16 October 13 | Chad W. Post

A couple weeks ago, a copy of Stig Dagerman’s Sleet (translated by Steven Hartman) arrived at our offices. To be honest, I’d never heard of Dagerman, but the attractive cover (I am a fan of Godine’s new Verba Mundi designs) and a very nice email from the book’s publicist kept this on my desk as a book to look into.

Of course, the planning for and execution of the Frankfurt Book Fair has stymied any attempts to actually read this (or much of anything aside from Pynchon’s Bleeding Edge, which is awesome), but after hearing about this upcoming PEN event in honor of Dagerman, I’m very intrigued.

[More event info below, but just to get the facts out there: This will take place Tuesday, October 22nd at the Scandinavia House (58 Park Ave., New York, NY 10016) starting at 6:30.]

First off, in terms of Dagerman himself, he was a very productive writer and journalist whose life was cut short when he committed suicide at the age of 31 in 1954. A number of his works have made it into English, including four in recent years: German Autumn (a collection of articles), A Burnt Child, Island of the Doomed (which sounds intense and insane and which I’m ordering right now),1 and the aforementioned Sleet.

Sleet, a collection of twelve stories “unified by a central theme: the death of innocence,” includes an intro by Alice McDermott that gives a good sense of his writing:

I confess that this was not what I expected to find from this tragic Swedish writer when I opened German Autumn, the first of his works that I borrowed from his daughter. I expected darkness. Angst. The void. Hopelessness. But what I found instead was an account of human suffering unbiased by politics or nationalism, hatred or revenge. An account of human suffering given with both a novelist’s eye (“A big bare room with a cement floor and a window that has been almost entirely bricked up. A solitary bulb hangs from the ceiling and shines unmercifully on three air-raid-shelter beds, a stove reeking with sour wood, a small woman with a chalk-white face stirring a pot on the stove, a small boy lying on the bed and staring up apathetically at the light,”) and a moral vision that managed to maintain, “respect for the individual even when the individual has forfeited our sympathy and compassion . . . the capacity to react in the face of suffering whether that suffering may be deserved or undeserved.”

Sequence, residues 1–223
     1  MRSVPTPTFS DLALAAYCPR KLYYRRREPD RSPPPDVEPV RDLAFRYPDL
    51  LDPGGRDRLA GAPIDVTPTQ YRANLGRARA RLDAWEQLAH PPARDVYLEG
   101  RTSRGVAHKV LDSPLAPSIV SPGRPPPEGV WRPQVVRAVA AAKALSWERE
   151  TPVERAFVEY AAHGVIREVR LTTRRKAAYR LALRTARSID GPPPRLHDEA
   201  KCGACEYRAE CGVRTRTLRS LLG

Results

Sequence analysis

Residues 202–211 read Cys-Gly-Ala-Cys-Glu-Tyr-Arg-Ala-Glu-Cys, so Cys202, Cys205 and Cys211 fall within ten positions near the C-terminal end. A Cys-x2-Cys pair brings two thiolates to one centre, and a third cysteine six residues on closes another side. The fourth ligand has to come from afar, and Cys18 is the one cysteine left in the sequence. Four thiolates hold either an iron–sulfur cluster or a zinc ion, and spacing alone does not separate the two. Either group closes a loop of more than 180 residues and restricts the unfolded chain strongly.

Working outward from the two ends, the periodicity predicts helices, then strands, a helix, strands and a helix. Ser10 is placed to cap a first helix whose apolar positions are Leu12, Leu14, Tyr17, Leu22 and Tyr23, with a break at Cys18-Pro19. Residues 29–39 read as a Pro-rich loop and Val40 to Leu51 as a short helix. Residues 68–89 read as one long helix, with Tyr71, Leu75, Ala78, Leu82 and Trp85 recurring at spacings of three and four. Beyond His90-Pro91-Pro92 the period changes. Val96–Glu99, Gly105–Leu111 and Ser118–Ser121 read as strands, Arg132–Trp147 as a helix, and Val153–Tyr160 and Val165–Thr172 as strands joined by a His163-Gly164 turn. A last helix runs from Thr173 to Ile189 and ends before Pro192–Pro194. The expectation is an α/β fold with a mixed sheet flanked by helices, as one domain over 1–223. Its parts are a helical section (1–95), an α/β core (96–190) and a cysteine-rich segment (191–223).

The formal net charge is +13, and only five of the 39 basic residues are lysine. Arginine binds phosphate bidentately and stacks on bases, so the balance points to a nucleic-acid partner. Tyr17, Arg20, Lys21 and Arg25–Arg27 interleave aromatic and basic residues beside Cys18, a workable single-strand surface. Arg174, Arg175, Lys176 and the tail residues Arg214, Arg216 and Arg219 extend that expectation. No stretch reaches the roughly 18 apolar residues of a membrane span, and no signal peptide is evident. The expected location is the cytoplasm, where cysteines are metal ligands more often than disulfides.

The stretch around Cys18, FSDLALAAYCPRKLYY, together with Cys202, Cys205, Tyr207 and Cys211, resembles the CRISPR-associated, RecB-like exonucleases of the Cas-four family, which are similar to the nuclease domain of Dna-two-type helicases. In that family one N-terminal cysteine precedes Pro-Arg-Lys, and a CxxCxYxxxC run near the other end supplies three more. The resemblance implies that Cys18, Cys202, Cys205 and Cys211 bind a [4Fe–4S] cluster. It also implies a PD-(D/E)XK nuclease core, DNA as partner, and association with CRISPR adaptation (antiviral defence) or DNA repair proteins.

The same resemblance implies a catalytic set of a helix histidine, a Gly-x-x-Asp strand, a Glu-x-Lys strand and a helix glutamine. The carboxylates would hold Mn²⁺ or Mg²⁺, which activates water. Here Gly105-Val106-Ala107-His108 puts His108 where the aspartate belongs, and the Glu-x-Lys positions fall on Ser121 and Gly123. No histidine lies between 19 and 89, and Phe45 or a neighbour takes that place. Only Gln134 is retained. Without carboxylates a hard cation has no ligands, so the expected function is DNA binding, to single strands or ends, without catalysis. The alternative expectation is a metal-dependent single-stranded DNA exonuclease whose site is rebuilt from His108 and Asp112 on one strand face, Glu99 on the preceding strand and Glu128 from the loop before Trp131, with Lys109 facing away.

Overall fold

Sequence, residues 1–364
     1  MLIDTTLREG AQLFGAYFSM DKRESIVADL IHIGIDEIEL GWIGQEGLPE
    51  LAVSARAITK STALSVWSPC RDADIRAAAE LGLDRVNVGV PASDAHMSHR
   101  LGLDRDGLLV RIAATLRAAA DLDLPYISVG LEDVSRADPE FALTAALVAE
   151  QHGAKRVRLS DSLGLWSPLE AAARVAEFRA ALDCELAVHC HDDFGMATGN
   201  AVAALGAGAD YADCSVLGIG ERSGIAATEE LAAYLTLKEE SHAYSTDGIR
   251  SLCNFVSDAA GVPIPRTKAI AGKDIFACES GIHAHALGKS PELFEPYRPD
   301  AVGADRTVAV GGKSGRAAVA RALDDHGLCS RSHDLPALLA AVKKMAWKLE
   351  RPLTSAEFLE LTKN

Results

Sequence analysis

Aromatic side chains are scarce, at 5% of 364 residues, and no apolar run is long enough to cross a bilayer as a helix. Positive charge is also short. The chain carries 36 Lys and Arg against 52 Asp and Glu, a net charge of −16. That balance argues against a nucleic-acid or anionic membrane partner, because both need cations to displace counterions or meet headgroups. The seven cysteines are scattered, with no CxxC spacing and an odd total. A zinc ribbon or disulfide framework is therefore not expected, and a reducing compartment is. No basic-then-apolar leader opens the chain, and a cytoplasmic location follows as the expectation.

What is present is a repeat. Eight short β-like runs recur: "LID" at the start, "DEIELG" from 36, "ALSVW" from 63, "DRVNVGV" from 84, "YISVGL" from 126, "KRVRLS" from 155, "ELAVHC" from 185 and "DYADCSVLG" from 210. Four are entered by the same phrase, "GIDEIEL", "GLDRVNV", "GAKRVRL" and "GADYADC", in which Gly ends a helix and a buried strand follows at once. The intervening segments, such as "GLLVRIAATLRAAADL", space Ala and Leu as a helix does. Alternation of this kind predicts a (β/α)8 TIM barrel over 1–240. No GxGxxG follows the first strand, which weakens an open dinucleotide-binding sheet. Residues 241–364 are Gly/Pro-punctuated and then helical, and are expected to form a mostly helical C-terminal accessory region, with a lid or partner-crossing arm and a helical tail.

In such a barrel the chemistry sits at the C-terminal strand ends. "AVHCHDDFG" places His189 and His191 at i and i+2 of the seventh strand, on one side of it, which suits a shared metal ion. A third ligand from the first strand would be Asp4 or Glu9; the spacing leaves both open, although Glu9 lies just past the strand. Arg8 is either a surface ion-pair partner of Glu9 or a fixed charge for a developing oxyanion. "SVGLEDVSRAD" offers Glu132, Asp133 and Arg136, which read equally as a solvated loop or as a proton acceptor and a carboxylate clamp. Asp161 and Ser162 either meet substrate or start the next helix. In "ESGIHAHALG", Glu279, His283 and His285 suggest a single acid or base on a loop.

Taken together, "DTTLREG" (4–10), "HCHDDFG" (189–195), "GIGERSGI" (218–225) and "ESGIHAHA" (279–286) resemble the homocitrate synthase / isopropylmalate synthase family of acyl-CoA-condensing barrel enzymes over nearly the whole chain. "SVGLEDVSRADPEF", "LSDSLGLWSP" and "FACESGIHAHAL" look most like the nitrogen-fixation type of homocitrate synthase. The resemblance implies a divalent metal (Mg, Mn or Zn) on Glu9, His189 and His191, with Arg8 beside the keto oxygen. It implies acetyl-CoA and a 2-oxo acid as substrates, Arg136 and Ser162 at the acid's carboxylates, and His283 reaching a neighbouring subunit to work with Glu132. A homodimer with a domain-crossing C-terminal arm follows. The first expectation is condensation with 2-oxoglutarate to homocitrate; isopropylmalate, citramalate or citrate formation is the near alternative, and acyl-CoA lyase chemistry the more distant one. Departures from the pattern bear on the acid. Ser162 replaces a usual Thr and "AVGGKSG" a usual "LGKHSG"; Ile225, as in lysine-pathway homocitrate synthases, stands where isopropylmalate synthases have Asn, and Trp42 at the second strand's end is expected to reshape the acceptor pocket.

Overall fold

Going back to the PEN event—the real reason for this post—here’s a bit more info about what’s going to take place next Tuesday:

Novelist Siri Hustvedt, translator Steven Hartman, Professor of English at Mid-Sweden University, and PEN Translation Committee Chair Susan Bernofsky read and discuss Stig Dagerman’s writings with moderator Ann Kjellberg, editor of Little Star.

The author’s daughter, Lo Dagerman, will introduce a short documentary, Our Need for Consolation, based on Dagerman’s classic essay and featuring actor Stellan Skarsgård.

Sounds really interesting, and I want to personally thank Sue Ramin from Godine and Lo Dagerman for bringing Dagerman’s work to my attention. Now, if only I could stop traveling and editing . . .

1 Seriously, check this out:

In the summer of 1946, while secluded in August Strindberg’s small cabin in the Stockholm archipelago, Stig Dagerman wrote Island of the Doomed. This novel was unlike any other yet seen in Sweden and would establish him as the country’s brightest literary star. To this day it is a singular work of fiction—a haunting tale that oscillates around seven castaways as they await their inevitable death on a desert island populated by blind gulls and hordes of iguanas. At the center of the island is a poisonous lagoon, where a strange fish swims in circles and devours anything in its path. As we are taken into the lives of each castaway, it becomes clear that Dagerman’s true subject is the nature of horror itself.